Lessening Pain in the
Pain Symptoms for Inner City Patients
Participation in a
self-management program decreases symptoms associated with low back pain and
increases confidence in managing low back pain symptoms for inner city patients,
according to a recent study funded by the Department of Health and Human
Services' National Institute of Arthritis and Musculoskeletal and Skin Diseases
(NIAMS) and the Department of Veteran Affairs.
The study, carried out by Teresa
Damush, Ph.D., and others at the Indiana University School of Medicine,
initially involved 211 patients with acute low back pain (symptoms lasting less
than three months) from inner city neighborhood health centers and the emergency
department of a public teaching hospital. Patients were randomly assigned to
participate in a self-management program or to receive standard care. The
self-management program included three in-person classes, handouts, audiotapes,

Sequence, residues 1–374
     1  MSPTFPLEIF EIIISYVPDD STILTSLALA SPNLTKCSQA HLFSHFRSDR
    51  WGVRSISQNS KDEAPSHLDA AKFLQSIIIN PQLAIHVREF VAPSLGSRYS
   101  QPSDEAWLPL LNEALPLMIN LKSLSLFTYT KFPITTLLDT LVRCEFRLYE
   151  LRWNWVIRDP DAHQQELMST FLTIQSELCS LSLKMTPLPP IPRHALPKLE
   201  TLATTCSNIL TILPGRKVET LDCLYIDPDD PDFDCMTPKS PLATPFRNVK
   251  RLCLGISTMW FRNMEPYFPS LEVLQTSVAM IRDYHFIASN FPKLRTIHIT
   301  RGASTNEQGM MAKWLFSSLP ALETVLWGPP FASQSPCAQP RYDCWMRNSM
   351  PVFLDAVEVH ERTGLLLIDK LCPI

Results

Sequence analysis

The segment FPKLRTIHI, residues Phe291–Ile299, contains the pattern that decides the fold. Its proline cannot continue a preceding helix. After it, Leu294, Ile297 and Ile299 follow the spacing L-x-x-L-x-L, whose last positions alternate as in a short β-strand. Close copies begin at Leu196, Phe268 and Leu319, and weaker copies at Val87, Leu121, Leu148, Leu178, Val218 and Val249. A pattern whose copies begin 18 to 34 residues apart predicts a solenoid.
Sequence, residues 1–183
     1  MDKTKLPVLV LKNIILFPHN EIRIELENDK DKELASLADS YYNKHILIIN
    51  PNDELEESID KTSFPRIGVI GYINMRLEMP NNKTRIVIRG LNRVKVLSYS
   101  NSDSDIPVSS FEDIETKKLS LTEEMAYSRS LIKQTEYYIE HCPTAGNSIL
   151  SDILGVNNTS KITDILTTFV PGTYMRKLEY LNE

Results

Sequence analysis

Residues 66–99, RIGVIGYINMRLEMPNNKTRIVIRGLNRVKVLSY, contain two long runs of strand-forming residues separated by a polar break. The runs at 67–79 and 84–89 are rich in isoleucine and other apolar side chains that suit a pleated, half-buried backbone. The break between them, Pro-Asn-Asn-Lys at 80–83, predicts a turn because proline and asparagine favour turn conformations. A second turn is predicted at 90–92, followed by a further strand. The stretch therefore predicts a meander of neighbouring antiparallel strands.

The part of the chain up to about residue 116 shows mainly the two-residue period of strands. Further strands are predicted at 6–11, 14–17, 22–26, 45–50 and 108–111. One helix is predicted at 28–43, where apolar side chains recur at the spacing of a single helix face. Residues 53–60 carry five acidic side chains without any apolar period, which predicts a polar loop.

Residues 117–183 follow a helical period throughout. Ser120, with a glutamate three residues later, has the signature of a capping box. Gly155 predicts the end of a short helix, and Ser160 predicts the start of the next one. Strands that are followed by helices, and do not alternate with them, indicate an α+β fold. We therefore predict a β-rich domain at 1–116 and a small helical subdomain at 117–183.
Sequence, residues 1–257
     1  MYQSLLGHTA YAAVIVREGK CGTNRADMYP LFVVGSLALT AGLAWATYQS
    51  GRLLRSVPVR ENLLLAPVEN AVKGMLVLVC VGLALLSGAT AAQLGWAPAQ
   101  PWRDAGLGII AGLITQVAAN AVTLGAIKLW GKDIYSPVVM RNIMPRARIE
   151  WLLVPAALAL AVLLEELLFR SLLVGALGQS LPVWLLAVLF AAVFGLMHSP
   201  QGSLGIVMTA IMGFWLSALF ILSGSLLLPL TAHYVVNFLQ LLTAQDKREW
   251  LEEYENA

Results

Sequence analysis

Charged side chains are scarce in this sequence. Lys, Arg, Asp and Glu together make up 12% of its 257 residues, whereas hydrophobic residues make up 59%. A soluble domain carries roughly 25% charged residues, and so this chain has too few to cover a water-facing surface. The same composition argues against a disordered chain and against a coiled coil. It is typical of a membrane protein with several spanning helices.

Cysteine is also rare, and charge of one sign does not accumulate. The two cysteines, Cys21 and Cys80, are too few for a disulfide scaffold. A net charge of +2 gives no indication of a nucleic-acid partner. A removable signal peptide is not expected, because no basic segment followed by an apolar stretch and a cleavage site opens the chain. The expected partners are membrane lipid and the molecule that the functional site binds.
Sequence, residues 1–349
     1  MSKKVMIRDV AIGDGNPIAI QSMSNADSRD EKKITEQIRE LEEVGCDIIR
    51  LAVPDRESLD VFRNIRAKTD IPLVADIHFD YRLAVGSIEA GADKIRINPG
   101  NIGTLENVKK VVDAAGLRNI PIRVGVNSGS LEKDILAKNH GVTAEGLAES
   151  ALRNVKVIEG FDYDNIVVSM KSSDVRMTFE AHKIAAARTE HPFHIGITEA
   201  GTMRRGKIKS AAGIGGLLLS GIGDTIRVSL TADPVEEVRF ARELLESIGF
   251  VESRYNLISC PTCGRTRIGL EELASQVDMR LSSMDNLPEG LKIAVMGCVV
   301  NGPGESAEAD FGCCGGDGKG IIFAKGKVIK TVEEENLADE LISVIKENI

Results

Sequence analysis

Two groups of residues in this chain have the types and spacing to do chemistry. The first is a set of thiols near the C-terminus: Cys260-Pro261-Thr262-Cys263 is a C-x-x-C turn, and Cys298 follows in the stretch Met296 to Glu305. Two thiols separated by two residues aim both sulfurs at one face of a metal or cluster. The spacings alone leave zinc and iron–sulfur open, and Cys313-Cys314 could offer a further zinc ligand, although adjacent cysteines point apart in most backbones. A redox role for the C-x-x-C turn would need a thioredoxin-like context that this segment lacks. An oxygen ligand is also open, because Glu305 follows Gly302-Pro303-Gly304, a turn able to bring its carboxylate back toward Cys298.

physician letters of support and telephone follow-up. Classes involving goal
setting, problem solving, social support, exercise and back education were also
given. The standard care group received medications, back exercise sheets and
referrals to health care specialists as needed.
After four months, the 76
patients remaining in the self-management program reported improved emotional
functioning (less anxiety and depression), less low back pain, less fear of
physical activity and movement, and more confidence in managing back pain
symptoms compared with the 87 patients remaining in the standard care group.
Despite the high prevalence of
back pain in the United States, research on reducing back pain disability in
socioeconomically vulnerable patients has been lacking. Self-management
strategies show promise as a tool to improve the quality of life for selected
individuals who experience acute low back pain.
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